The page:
I’m old enough to remember when everyone smoked—when college classrooms had ashtrays, airline meals came with a little package of two cigarettes and a book of matches, and athletes at Madison Square Garden (the old one) competed below a blue haze of smoke in the rafters. I can also remember how smoking was a social signifier. Taking out a pack of cigarettes signaled a pause in conversation and perhaps a move to another level of intimacy. The little rituals—tapping a cigarette on the pack, flicking open a Zippo or Dunhill, offering your companion a cigarette (and maybe lighting it)—all said what kind of people were there, and what they thought of each other. Even the kind of cigarette mattered; when I was an undergraduate, a whiff of the distinctive, burning-dung smell of Gauloise meant that a left-wing intellectual was in the room, the sight of the black paper and gold tips of Balkan Sobranies declared (to me at least) pretentious aestheticism, and the flat red pack of Dunhills meant that someone had money to burn.
I’m also old enough to remember when smoking become uncool, and how long it took. It it was more than ten years after the Surgeon General’s Report of 1964 that Minnesota passed the first, tentative ban on smoking in public places, and it took another decade for such bans to become general. When I began teaching at Episcopal Academy in 1985, the faculty lounge was still a smoke-filled room, and the Student-Faculty Senate passed a special dispensation every year so that students could smoke at the prom; it wasn’t long, though, before smoking was banned altogether, on campus and at any campus function. But the most effective thing was the force of social disapproval. Somehow smoking became Not Done–a sign of weakness and lack of proper regard for one’s own health and that of others. It became OK to ask someone not to smoke in your presence, even if there was no formal ban on it, and to expect them to accede to your demand. Now nicotine is an expensive, slightly addictive drug of the lower classes. The last time I looked, cigarettes in my neck of the woods cost nearly $10.00 a pack, and a pack a day will set you back enough to make a sizable dent in the $26,572 that, according to the Pew Research Center, marks the upper limit of the lower income bracket in Pennsylvania.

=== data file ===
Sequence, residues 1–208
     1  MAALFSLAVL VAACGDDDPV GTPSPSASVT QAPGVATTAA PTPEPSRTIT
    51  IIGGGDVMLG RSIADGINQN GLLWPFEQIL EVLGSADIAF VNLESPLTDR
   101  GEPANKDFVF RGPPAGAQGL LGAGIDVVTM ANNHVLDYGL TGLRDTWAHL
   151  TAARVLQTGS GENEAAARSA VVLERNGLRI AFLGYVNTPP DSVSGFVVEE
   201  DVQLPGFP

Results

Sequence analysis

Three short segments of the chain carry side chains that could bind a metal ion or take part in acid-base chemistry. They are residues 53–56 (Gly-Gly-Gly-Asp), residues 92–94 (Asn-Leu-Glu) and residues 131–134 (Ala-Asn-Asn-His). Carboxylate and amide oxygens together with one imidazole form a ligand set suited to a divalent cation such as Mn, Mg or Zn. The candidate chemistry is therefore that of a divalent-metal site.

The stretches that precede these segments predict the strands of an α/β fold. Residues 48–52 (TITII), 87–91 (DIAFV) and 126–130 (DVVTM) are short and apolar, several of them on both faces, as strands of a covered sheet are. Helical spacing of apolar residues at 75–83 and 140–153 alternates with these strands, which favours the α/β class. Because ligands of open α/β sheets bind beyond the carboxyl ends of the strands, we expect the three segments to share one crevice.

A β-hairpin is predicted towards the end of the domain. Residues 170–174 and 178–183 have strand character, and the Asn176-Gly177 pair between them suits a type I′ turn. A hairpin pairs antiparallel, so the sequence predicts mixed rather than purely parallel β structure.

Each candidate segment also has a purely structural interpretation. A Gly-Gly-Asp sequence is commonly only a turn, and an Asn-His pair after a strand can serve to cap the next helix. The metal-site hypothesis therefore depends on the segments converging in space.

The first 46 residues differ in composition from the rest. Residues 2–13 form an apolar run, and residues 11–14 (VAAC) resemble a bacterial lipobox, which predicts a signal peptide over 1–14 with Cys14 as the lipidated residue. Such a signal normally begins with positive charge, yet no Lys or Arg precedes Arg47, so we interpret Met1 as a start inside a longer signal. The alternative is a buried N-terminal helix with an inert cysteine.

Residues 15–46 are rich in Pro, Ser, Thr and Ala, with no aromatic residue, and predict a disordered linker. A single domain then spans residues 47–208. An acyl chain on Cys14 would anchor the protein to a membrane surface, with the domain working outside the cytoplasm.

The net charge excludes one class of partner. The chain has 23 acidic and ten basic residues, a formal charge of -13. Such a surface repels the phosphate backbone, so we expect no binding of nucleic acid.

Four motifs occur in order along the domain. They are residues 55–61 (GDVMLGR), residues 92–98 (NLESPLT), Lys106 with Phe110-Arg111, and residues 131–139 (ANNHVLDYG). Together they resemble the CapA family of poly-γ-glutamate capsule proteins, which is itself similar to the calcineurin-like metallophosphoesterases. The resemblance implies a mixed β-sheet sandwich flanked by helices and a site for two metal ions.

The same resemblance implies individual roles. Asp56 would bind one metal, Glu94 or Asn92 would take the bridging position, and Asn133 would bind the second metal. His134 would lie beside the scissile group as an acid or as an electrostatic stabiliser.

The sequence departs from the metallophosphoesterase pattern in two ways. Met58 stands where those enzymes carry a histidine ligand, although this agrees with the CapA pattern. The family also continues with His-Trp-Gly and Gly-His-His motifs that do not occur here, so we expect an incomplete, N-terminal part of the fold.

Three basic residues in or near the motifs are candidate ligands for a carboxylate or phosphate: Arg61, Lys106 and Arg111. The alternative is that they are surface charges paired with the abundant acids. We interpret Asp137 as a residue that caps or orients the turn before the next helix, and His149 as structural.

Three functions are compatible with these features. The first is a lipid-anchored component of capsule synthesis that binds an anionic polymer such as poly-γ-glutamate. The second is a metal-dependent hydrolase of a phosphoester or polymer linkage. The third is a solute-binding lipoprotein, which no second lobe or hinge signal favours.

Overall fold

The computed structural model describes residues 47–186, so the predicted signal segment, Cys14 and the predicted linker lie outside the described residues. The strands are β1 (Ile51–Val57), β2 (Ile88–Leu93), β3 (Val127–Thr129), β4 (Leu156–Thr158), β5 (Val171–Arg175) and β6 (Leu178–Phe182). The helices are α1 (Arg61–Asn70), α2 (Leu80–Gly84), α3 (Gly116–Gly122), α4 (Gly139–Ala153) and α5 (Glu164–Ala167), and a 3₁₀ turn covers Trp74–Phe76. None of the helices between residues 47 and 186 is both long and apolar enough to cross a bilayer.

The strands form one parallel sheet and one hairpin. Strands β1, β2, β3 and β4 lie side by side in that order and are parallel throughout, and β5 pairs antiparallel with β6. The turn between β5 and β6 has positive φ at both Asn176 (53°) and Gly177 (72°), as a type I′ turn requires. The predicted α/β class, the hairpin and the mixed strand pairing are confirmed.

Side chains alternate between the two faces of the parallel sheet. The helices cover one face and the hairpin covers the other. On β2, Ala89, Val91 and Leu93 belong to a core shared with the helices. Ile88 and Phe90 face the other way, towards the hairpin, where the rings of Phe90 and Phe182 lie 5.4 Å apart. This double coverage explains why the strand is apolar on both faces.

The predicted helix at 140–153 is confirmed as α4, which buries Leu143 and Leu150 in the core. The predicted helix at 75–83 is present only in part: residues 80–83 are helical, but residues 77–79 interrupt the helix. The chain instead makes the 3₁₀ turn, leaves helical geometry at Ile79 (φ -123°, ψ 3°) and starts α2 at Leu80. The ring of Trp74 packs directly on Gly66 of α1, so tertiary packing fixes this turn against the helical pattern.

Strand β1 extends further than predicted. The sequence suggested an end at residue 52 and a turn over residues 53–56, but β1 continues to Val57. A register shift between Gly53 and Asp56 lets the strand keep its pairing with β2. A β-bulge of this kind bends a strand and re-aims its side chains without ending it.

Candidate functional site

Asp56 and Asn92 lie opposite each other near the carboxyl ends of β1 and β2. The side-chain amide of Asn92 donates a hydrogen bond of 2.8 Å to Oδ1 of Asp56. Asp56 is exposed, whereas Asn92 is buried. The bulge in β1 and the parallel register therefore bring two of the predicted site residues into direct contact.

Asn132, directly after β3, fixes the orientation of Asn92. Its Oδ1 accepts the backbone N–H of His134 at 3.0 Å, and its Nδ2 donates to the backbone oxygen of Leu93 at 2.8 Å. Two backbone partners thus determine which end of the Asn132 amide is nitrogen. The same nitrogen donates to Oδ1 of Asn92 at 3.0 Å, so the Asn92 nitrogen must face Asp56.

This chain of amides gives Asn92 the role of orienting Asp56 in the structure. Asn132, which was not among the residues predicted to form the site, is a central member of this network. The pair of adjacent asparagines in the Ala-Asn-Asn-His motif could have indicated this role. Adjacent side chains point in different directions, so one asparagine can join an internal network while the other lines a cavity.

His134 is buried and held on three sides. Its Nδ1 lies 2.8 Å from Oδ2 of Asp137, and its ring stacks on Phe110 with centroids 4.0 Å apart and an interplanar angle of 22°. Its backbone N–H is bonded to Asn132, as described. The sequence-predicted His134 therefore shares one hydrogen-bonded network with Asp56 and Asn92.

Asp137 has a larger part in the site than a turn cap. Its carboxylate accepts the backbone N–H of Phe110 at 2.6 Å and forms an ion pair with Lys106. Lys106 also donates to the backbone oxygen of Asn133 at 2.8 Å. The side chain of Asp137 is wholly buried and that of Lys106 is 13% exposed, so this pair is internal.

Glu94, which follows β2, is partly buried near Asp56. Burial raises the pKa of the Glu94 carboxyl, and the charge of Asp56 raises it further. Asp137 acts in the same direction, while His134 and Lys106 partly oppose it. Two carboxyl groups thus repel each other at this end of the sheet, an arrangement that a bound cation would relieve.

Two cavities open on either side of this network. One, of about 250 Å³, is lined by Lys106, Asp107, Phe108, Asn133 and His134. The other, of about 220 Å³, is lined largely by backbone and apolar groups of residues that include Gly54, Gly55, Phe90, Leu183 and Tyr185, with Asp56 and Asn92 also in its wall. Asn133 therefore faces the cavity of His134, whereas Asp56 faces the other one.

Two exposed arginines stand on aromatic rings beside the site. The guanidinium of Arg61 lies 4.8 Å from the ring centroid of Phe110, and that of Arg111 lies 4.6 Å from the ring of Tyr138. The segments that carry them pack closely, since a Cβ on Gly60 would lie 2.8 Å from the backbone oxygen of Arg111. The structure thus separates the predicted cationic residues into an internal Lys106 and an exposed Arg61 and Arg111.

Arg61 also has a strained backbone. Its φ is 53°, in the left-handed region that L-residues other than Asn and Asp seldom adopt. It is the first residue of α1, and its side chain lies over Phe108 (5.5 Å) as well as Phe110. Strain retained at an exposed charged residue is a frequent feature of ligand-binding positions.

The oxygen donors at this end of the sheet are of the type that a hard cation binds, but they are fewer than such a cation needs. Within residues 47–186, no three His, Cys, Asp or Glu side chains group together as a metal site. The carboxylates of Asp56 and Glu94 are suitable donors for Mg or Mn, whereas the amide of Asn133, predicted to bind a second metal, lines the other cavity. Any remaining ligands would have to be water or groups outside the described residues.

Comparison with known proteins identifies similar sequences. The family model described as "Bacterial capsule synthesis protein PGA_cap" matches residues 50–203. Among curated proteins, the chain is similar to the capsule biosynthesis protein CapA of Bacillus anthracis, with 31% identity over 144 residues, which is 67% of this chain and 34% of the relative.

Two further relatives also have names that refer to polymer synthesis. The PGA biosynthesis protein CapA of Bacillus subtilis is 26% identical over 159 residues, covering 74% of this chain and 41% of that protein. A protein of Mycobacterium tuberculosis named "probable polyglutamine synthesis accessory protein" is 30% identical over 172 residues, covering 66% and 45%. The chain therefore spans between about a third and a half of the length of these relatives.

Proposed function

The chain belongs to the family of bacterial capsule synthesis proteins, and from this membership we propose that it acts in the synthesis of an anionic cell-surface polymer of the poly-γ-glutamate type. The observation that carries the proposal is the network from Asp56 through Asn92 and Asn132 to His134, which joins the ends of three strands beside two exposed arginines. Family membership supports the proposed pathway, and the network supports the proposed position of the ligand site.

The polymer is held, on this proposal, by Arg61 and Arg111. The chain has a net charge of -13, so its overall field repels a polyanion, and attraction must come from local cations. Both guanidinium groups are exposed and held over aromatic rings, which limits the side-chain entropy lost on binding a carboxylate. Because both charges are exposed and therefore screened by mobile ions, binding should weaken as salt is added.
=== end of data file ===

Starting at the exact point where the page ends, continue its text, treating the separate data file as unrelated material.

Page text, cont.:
And so I come to Twitter (and its progenitor Facebook and cousin Instagram). They look a bit like smoking did fifty years ago. Everyone does it. Their little rituals—checking our phones, flicking open the case, tapping hearts, typing messages, and sending selfies—occupy our hands and fill our leisure. They proclaim class and affiliation, and in the academic world, some people take them seriously enough to suggest that an assistant professor’s tweets should be part of a tenure dossier. But signs are beginning to appear that just as we paid for the pleasure of smoking with our health, so we pay for the delight of tweeting with our sanity, and that social media are at least as addictive as smoking. I wonder whether we’ll see some shift in elite opinion, followed by bans here and there (in schools, perhaps), followed by more and more people giving up on Facebook and its kin, until, sometime around 2070, Twitter becomes yet another way to keep the poor occupied.